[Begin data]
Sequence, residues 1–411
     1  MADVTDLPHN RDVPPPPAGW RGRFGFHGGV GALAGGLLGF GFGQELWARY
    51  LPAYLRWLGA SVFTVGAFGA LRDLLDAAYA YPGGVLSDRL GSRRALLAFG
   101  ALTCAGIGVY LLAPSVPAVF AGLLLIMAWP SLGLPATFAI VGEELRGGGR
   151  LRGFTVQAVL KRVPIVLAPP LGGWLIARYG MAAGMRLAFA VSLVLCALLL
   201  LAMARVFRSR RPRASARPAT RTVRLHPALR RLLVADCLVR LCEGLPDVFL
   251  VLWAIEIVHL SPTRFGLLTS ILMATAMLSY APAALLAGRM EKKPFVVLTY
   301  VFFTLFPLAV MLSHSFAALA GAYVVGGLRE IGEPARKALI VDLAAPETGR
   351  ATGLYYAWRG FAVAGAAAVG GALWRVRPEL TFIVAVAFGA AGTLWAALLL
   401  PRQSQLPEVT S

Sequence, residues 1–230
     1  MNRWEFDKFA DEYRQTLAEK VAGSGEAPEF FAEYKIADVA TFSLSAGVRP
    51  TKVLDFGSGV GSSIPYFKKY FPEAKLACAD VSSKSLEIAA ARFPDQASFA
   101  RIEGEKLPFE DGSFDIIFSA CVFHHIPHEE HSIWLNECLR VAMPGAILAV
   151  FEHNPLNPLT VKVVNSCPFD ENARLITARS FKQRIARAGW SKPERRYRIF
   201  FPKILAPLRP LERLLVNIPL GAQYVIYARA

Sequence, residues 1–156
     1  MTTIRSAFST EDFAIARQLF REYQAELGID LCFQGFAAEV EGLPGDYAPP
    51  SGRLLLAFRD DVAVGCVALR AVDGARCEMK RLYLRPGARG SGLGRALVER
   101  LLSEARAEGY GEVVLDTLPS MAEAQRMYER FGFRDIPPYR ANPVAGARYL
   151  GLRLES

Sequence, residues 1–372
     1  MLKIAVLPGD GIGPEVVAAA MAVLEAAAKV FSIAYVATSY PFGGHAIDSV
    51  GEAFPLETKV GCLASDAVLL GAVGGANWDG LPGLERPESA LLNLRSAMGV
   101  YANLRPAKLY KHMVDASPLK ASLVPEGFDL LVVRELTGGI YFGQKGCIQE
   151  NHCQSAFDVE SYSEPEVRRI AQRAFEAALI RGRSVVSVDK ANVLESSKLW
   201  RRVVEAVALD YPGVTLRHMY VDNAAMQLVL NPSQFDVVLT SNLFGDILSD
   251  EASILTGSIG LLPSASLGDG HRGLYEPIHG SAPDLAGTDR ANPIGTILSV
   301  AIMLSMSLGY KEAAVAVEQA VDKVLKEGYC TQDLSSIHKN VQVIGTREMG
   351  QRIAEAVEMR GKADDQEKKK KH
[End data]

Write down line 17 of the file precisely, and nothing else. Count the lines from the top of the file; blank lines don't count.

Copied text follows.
Sequence, residues 1–156